As Zhu et al (2014), see link below, put it with regard to generalised anxiety disorder, the evidence for CBT is ‘strong but not definitive’. They point out that although the 12 randomised controlled trials they reviewed all had blind assessors, in 6 of them outcome was not based on the assessors assessment but on a self-report measure.

https://www.dropbox.com/s/cng09hehty9qo02/GAD%20Meta-analysis.pdf?dl=0

Of the 144 studies of depression, generalised anxiety disorder, panic disorder and social anxiety disorder reviewed by Cuijpers et al (2016) only half (48.6%) had a blind outcome assessment,

https://www.dropbox.com/s/d2tu2ymzp9it7v5/CBT%202016%20Cuijpers.pdf?dl=0

Further Cuijpers et al (2016) found that the effects of CBT are small to moderate when the comparison condition is usual care or active placebo compared to a large effect size when the comparison is a waiting list control condition.

In view of Guidi et al’s (2018) strictures around the evaluation of randomised controlled trials, it is wholly inappropriate for IAPT to admonish its therapists for ‘poor performance’ based solely on a psychometric test. There are surely grounds here for a therapist to claim constructive dismissal.

Dr Mike Scott

Groups and Trauma

Group CBT treatments for PTSD leave 70% of participants still suffering from the condition and it appears less effective than individual PTSD. Further, other active group treatments appear as effective as group CBT for PTSD, but are slightly better able to retain people, probably because they are not trauma focussed, see link below to the Sloan et al (2018) study:

https://www.dropbox.com/s/qoly0wkquhzu44x/Simply%20Effective%20Group%20CBT%20All%20Appendices.pdf?dl=0

Stabilisation Groups


Groups/classes are a great attraction for Organisations pre-occupied with numbers and waiting lists, reflecting the prime concerns of Clinical Commissioning Groups. IAPT has a penchant for running groups/classes without an evidence base for effectiveness. For example, it offers trauma victims a Stabilisation Group, here is how two participants fared:

Mr X had two accidents within weeks of each other and attended a 6 week course. My independent assessment found the course had no effect on his mild PTSD and mild depression and he was then put on a waiting list for individual CBT. The group sessions began with 12-15 participants and went down to 4 people. Topics covered included calming down after nightmares, mindfulness and deep breathing. Nevertheless he described the course as ‘helpful’ but was given no diagnosis at any point either in the telephone assessment or on the course.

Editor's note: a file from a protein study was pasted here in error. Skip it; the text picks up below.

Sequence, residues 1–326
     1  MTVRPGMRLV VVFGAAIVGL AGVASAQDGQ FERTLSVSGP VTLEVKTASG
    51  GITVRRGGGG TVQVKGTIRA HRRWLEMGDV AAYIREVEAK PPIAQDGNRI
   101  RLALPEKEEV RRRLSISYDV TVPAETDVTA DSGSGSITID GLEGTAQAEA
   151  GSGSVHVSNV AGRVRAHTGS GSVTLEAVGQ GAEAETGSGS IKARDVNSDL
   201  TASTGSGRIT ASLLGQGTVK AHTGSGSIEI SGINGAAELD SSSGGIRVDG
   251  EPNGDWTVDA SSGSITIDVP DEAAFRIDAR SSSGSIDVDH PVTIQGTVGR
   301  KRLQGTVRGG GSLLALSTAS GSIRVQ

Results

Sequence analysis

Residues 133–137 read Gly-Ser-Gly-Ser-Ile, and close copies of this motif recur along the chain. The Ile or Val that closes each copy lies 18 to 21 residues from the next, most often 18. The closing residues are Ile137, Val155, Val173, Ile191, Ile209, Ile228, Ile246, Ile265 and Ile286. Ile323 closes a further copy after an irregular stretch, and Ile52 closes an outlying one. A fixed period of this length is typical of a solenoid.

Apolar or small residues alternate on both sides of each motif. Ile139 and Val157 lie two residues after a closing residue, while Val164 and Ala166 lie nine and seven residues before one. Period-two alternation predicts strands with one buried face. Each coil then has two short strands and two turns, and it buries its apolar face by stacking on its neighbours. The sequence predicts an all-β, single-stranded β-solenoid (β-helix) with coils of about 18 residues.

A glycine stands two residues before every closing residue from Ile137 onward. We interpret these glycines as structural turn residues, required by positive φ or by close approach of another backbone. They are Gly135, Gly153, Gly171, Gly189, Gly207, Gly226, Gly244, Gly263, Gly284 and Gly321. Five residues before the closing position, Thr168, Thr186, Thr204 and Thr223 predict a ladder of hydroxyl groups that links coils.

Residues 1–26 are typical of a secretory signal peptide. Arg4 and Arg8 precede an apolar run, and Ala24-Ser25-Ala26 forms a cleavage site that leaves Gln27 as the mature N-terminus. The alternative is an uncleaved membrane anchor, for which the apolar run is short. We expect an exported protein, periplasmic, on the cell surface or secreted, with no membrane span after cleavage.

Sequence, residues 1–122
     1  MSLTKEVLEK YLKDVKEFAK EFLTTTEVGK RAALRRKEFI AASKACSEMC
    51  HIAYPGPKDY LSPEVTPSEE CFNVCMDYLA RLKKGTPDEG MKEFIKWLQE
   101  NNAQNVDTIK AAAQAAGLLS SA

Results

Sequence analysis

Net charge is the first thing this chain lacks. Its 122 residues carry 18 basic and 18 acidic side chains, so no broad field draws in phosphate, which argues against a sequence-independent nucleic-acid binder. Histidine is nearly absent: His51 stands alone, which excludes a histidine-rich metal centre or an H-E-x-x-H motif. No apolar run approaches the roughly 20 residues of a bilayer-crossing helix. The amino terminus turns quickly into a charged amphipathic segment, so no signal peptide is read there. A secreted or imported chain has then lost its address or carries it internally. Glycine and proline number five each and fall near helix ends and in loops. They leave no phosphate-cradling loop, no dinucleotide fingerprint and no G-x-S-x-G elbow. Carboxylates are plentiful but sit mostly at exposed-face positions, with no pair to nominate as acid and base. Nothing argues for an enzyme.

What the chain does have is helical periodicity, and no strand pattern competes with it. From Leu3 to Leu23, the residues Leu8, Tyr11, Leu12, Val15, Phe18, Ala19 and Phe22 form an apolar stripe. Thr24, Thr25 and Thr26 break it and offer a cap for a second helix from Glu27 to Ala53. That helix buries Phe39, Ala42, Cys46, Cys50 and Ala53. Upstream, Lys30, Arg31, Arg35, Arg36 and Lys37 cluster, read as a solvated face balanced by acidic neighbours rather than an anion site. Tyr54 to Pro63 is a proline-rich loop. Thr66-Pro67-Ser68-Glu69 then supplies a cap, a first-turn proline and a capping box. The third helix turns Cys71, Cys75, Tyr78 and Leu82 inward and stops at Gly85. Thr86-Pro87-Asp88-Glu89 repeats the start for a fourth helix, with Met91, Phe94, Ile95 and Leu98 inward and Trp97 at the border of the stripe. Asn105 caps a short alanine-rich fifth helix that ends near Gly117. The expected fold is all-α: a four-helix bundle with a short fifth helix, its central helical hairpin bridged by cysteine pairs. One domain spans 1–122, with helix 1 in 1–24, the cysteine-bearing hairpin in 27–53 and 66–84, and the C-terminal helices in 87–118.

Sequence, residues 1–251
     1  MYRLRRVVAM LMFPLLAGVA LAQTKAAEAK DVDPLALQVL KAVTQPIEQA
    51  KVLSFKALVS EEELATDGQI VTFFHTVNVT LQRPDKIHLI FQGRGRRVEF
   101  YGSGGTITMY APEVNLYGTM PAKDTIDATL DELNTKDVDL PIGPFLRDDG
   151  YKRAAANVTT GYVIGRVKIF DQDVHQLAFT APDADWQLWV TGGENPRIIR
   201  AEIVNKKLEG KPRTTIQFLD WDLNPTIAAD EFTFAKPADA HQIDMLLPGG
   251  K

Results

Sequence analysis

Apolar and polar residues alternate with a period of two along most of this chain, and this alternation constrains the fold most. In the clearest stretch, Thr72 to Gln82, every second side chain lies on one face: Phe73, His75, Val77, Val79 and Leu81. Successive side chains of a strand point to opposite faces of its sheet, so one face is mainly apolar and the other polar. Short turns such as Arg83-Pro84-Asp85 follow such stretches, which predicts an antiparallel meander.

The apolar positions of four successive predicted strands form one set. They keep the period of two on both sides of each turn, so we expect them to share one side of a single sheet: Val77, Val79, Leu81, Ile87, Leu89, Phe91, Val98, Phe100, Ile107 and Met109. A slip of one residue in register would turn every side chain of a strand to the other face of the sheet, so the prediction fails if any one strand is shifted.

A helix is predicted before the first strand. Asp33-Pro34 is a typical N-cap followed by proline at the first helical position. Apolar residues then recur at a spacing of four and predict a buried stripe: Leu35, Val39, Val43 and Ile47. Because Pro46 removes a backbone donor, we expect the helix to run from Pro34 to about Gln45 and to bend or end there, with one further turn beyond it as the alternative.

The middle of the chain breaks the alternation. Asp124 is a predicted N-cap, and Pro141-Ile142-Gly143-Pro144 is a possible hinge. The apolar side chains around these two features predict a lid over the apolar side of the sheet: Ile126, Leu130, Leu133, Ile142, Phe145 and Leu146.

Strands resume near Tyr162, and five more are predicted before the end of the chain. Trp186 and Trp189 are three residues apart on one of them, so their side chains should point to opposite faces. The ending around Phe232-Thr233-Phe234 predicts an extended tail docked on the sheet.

Mr Y attended a 6 week course with initially 8-10 people and 3-4 dropping out before the end he also found the course ‘helpful’, albeit that he felt that he was not back to his usual self after the course. My independent assessment revealed that he was still suffering from PTSD after the course and he received a letter stating ‘ have now success fully completed the Stabilisation Symptom Management Course … .. you have opted to complete therapy at this time  discharged you from the service’ but IAPT made no attempt at reliable diagnostic assessment before or after the course, patronisingly ‘success’ is now defined as completing an IAPT course!

Background to Stabilisation Groups

The impetus for the IAPT stabilisation groups probably derives from the Institute of Psychiatry 10 week programme teaching coping strategies for dealing with symptoms of PTSD, but in which trauma histories are not discussed . The programme uses cbt, mindfulness and relaxation techniques. But with no published study on effectiveness. IAPT has run a cut down version of this, just 6 sessions. Robertson et al at the Traumatic Stress Clinic offer 5-8 weeks of 2 hour group sessions for up to 10 people for refugees with a focus on managing hyper-arousal, anxiety, re-experiencing and dissociation but again there are no outcome studies. Like in IAPT it is intended as part of a phased treatment model but there is no evidence that it in any way adds to established treatments for PTSD.

Evidence Based Delivery of Group CBT